How Pensions Affect Social Security

Having a government pension is a double-edged sword in the Social Security world. There are two laws that come into play when someone has a government pension and also qualifies for Social Security benefits. It is important to understand these two laws in order to accurately plan for retirement income.

This Law Affects Spouses & Widows/Widowers (GPO)

The Government Pension Offset is a law that reduces a spousal or widow/widower Social Security benefit. The reasoning behind the law is that the spousal and widow benefits (also called dependent benefits) were meant to supplement income when the spouse or widow/widower was a homemaker relying upon one household income. Therefore, if the spouse or widow/widower earns their own income and subsequently their own Social Security benefit or government pension benefit, the “dependent” benefits should be reduced. Before the law was enacted in 1977, spouses that earned a government pension by working were treated more favorably than spouses that earned their own Social Security benefit by working because their “dependent” benefit was not offset by their pension. Spouses who qualified for their own Social Security benefit and a “dependent” benefit had to choose the higher of the two benefits instead of getting both a government pension benefit and the “dependent” benefit.

The Government Pension Offset is calculated as follows:

Social Security “Dependent” Benefit – (Government Pension x .667) = New Social Security “Dependent” Benefit

  • If you take your government pension in a lump sum, your Social Security benefit will still be reduced as if you chose the monthly payment option.

For example, if you are entitled to a spousal Social Security benefit of $1,000 per month and you have a government pension of $1,000 per month, you will be reduced by $667 per month. Your new dependent Social Security benefit will be $333 per month.

Some exclusions to the Government Pension Offset are as follows:

  • You are receiving a government pension that was not based on your earnings
  • You are a government employee, but your pension is from work that you also paid Social Security taxes into during employment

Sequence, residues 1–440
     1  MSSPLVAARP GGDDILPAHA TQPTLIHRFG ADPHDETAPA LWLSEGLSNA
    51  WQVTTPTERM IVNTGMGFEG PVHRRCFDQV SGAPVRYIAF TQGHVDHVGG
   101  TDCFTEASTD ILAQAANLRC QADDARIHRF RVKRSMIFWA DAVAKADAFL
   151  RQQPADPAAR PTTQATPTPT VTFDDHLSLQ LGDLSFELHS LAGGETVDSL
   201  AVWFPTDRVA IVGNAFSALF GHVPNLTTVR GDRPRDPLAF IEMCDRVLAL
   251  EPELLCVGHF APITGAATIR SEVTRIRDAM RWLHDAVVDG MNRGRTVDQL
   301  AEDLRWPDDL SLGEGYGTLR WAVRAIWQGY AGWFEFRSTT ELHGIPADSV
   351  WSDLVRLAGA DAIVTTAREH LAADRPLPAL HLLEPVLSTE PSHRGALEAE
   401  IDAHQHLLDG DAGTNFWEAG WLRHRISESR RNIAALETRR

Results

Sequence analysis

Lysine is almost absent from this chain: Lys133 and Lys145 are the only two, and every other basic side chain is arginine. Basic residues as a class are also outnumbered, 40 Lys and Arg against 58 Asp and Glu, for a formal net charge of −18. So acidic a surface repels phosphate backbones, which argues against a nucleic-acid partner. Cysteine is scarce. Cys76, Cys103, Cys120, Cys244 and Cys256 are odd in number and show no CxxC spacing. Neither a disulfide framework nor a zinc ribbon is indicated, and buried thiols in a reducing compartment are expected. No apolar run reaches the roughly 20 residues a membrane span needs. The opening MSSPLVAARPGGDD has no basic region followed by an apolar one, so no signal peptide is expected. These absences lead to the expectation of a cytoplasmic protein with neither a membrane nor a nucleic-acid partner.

• For the last 60 months of government work you paid Social Security taxes

This Law Affects your own benefit (WEP)

The Windfall Elimination Provision is a law that reduces your own Social Security benefit. To understand the reasoning behind the law, first look at the calculation below and then come back to this paragraph. The equation shows the first $926/month of income being multiplied by a certain percentage based on years you contributed to Social Security. Before the Windfall Elimination Provision was set into place, there were workers that received a government pension, did not pay much into Social Security, and still reaped the benefits of being a “low wage worker”. Being a “low wage worker” meant that the first $926/month of income was replaced 90% by Social Security benefits even though they made most of their income in the government sector and didn’t have it taxed for Social Security purposes. The government wanted to get rid of this advantage and ensure that actual low-wage workers were benefiting from Social Security Benefits more than those who had “low wages” on paper, but made the bulk of their income in the FICA Tax-Free government sector.

The Windfall Elimination Provision is calculated as follows:

(Average Indexed Monthly Earnings up to $926/month * Table1%) + (Next $4,657/month * 32%) + (Up to next $5,492 * 15%) = New Social Security Benefit

To calculate your Average Indexed Monthly Earnings (AIME), do the following:

1) Get a list of your yearly taxable Social Security Earnings

2) Calculate each year of earnings based on Inflation. Use the National Average Wage Index to find the average wage in the year. Social Security uses 60 years old as the indexing year, so divide the average wage of the indexing year, by the average wage of the year you are calculating. Now multiply this factor by your taxable Social Security earnings that year.

3) Use the top 35 years in your calculations. 

Table 1

dafdaf

Table 2

For example, if your average indexed monthly earnings is $1,000 per month, you have had 26 years of substantial taxable Social Security earnings and you have a government pension of $1,000 per month, the math is as follows:

($926 * 70%) + ($74 * 32%) = $671.88 per month.

 

Notes:

  • If “table1%” was replaced with 90%, that would be the normal Primary Insurance amount calculation used by those not offset by the Windfall Elimination Provision.
  • If you have a low pension, the law limits the reduction of Social Security benefits. Your Social Security benefit will not be reduced more than half of your pension benefit. In the above example, your $1,000 per month benefit has a maximum reduction of $500 per month.

Having a clear picture of your income in retirement is one of the foundations to a successful retirement. By understanding possible reductions to your Social Security benefit, you will be able to more accurately plan for the future.